We didn't know. We stood in front of the furnace, wondering could its innocuous-looking cover kill us, kill Madigan. Were we just alarmists, products of environmentally sensitive times that discover a new health hazard daily? It didn't matter. Nobody could tell us how to weigh the risks. We were choosing between two extremes: so little asbestos is nothing to worry about but any exposure is dangerous. Madigan's cry in her sleep from the bedroom forced our decision. We still had no answers but we had responsibility for her life. We had no choice but to move out. The decision was a relief.
We don't know if we breathed in asbestos, or if we did, how much, or whether it will ever cause us harm. Had we owned the Hillcrest house, we might have paid to remove it or have it repaired. We were glad we didn't own it; we felt lucky to walk away. But you can't always walk away. Many people own homes with asbestos that they can't afford to walk away from. Asbestos is one of hundreds of toxins in products — from nuclear energy to pesticides — designed to protect us from our environment yet which endanger us as much as natural elements. Who takes responsibility for their use? The courts are busy resolving such questions of liability. Each of us, particularly in this era of deregulation, has to judge our own risk on speculative information, I learned. It is a modern fight for survival.
As a formality we asked the property manager if the landlord would pay to remove the asbestos. When he heard the estimated cost, he immediately said no. We told him we were leaving. He had no objections, seeming eager for us to get out without trouble; besides, he said, he would be able to charge the next tenants a hundreds dollars move in rent for a freshly painted house. He remarked that the previous owner of the house had lived there thirty-five years before dying in her nineties. Good for her, we thought.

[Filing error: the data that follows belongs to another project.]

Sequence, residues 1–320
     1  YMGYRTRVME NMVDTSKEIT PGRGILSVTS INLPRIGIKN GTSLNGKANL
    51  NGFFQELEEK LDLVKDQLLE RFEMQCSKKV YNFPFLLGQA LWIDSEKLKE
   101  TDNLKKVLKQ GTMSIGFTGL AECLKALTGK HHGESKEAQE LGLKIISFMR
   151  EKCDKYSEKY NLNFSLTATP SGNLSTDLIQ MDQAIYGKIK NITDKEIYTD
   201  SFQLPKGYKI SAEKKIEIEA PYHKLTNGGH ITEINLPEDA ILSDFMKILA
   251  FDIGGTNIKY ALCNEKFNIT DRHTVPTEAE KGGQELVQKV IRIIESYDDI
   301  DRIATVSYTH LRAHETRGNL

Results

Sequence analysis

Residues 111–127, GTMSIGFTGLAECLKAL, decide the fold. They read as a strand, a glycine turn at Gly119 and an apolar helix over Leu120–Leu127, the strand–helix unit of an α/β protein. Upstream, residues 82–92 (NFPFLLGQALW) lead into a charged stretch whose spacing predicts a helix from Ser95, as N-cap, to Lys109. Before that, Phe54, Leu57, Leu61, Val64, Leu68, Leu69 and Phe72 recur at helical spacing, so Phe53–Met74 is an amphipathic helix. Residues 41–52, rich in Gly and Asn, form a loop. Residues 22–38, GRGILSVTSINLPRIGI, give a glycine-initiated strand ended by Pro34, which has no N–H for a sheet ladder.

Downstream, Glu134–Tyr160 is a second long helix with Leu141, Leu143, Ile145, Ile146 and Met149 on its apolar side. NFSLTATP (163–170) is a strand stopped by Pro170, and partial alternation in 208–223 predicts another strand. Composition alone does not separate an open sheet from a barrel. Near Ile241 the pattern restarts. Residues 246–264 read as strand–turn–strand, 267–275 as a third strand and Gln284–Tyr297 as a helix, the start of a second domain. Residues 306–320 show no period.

We must have seemed strange to realtors, asking to see insulation before any other feature of the houses we toured. Two houses, one in Mission Hills and the other in North Park, contained chrysotile asbestos in paper ducting insulation we had tested. It was only slightly frayed. Some would consider it potentially dangerous and others not. We did.
We have finally found another bungalow, also overlooking a canyon, on the northeast periphery of Hillcrest. It has no asbestos. There is one gas heater in the living room that blows hot air like a dragon when it's on; the house quickly goes cold when it's off. We wore sweaters frequently this winter and shivered happily.
As for the furnace in our old house, the property manager said he would repair it after I gave him instructions. Two families have lived there since, one with another infant. The asbestos is still as worn and torn and flaky as it ever was.